Clara and Mr. Tiffany

Clara and Mr. Tiffany

A Novel

Book - 2011
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Against the unforgettable backdrop of New York near the turn of the twentieth century, from the Gilded Age world of formal balls and opera to the immigrant poverty of the Lower East Side, bestselling author Susan Vreeland again breathes life into a work of art in this extraordinary novel, which brings a woman once lost in the shadows into vivid color.

It's 1893, and at the Chicago World's Fair, Louis Comfort Tiffany makes his debut with a luminous exhibition of innovative stained-glass windows, which he hopes will honor his family business and earn him a place on the international artistic stage. But behind the scenes in his New York studio is the freethinking Clara Driscoll, head of his women's division. Publicly unrecognized by Tiffany, Clara conceives of and designs nearly all of the iconic leaded-glass lamps for which he is long remembered.

Clara struggles with her desire for artistic recognition and the seemingly insurmountable challenges that she faces as a professional woman, which ultimately force her to protest against the company she has worked so hard to cultivate. She also yearns for love and companionship, and is devoted in different ways to five men, including Tiffany, who enforces to a strict policy: he does not hire married women, and any who do marry while under his employ must resign immediately. Eventually, like many women, Clara must decide what makes her happiest--the professional world of her hands or the personal world of her heart.
Publisher: New York : Random House, 2011.
Edition: First edition.
ISBN: 9781400068166
Characteristics: xiii, 405 pages ; 25 cm
Alternative Title: Mr. Tiffany


From the critics

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Jul 26, 2019

Yes, THE famous Louis Comfort Tiffany. Imagine his studio, staffed by all unmarried women. Clara is the head of the "Women's Division", and conceives of and designs the iconic stained-glass lamps, but is never publicly recognized. A great historical fiction read.

Jun 14, 2019

Loved this book about women in art, being unrecognized and their lives in boarding houses with the mores of the time.

Feb 12, 2017

It was interesting to read, especially because I've made some stained glass. But the writing suffered from the author's desire to educate; various characters gave little lectures so that the author could get some historical facts across.

Dec 30, 2016

I loved this book. The storyline flowed nicely, while clearly explaining a craft (Tiffany glass) of which I had no prior knowledge. I am super excited to actually go see some Tiffany windows in Topeka, KS after reading this book. I appreciate that after the conclusion of the story, the author takes time to identify the truthful facts of the book, and where the fiction was, to keep the forward progression of the story.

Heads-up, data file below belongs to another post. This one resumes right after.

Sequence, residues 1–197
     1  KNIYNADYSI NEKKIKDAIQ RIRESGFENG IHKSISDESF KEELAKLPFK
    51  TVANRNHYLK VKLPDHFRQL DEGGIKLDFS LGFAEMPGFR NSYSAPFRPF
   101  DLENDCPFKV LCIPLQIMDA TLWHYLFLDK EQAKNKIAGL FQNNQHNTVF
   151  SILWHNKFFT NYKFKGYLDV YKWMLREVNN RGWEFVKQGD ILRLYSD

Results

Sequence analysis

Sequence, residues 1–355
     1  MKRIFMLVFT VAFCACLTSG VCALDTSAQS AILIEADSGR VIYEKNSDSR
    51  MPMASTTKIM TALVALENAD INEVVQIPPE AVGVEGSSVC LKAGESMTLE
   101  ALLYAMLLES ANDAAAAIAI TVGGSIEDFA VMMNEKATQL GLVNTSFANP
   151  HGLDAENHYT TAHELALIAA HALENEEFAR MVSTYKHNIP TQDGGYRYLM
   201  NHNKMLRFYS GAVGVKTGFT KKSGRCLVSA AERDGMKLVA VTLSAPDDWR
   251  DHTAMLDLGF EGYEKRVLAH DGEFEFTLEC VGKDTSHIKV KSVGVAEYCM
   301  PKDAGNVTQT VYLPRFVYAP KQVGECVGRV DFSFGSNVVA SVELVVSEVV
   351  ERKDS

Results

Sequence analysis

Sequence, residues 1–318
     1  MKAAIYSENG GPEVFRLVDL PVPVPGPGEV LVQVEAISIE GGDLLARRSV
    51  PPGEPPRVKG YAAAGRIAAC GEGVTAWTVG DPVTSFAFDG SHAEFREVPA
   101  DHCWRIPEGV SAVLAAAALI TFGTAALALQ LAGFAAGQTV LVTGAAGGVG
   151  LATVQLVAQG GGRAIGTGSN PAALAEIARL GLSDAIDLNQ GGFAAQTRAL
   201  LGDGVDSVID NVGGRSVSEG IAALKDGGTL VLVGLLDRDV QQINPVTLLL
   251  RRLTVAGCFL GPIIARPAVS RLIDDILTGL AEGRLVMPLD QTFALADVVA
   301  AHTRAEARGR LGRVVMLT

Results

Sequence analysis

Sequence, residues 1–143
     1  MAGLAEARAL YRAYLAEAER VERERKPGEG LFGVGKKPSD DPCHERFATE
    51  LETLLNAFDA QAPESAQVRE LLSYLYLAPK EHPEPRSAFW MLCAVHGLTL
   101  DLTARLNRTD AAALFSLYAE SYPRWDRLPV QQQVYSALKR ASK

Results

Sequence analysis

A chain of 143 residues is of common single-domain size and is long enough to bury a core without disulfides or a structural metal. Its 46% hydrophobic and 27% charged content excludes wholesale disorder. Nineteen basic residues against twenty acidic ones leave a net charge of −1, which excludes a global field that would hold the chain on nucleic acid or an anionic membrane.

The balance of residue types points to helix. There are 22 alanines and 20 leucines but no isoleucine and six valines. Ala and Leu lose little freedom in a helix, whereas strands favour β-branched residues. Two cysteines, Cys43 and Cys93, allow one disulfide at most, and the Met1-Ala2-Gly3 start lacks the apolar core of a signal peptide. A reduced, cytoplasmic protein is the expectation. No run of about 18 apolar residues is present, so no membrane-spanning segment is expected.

WMorello Feb 02, 2015

This book is so detailed about the processes of Tiffany glass, my eyes are "glassing over". It is so slow, who cares? If it hadn't come highly recommended by BOTH sisters, I would never have tried to finish it.

Aug 01, 2014

I found the descriptions of designing, glassmaking, cutting and assembling to be fascinating. The depiction of life at the time made me burn for the oppressed women. However, I found the writing style to be stilted and unrealistic, and some of Clara's flights of fancy were overblown. Don't expect great literature (or even more than mediocre writing) but the book is worth reading simply for illuminating (get it?) the creation of stunning American works of art and craftsmanship.

b_schweig Mar 01, 2014

I had to read this book for a class at Harper and although it was long (397) pages on in story content, I didn't feel the pressure some other books have to pull out concepts. The author beautifully crafts artistic integrity, human emotion, and duality of both worlds. I did feel like I was often at wars with the main protagonist Clara. She was constantly fawning over. L.C.Tiffany's affection for recognition, and in this way she would feel gratified. She proves herself in the end

BookEnthusiast Mar 01, 2013

A wonderful depiction of an artistic female's work life in the Tiffany studios. The level of detail is exquisite and I found myself looking up photos of all the lamps mentioned in the book. I'm astonished that Clara's contributions to Tiffany were just unearthed in 2006, and to know now that her work is coveted today by so many.

EuSei Apr 04, 2012

I did not enjoy the informal tone of the book—after all, it starts in 1892 and people did not address their employers informally. I cannot imagine Miss Driscoll saying this to Tiffany when he showed her his new plans: “Gracious! You’ve been on fire. Go slower!” And this sounded so puerile: “A new young floor manager tried to stop me at the marble stairway. I gave him a look that implied, ‘I was here before you were born,’ […].” Oh, dear… Then there is the utterly unnecessary demeaning of Tiffany as “little Napoléon”; I have seen pictures of him and, unless he was surrounded by dwarves, he did not look short. The author mentions Tiffany’s painting on the walls (Market Day and Citadel Mosque of Old Cairo) en passant, but if you ever seen them, you will know how beautifully detailed they are, how harmonious the colors. Do not recommend this book.

Jan 15, 2012

Great book. I especially enjoyed the smaller details of life in that time period - obviously a lot of good research went into this book. The story was woven smoothly through all the history, as well.

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Aug 01, 2014

cimicifuga thinks this title is suitable for 10 years and over


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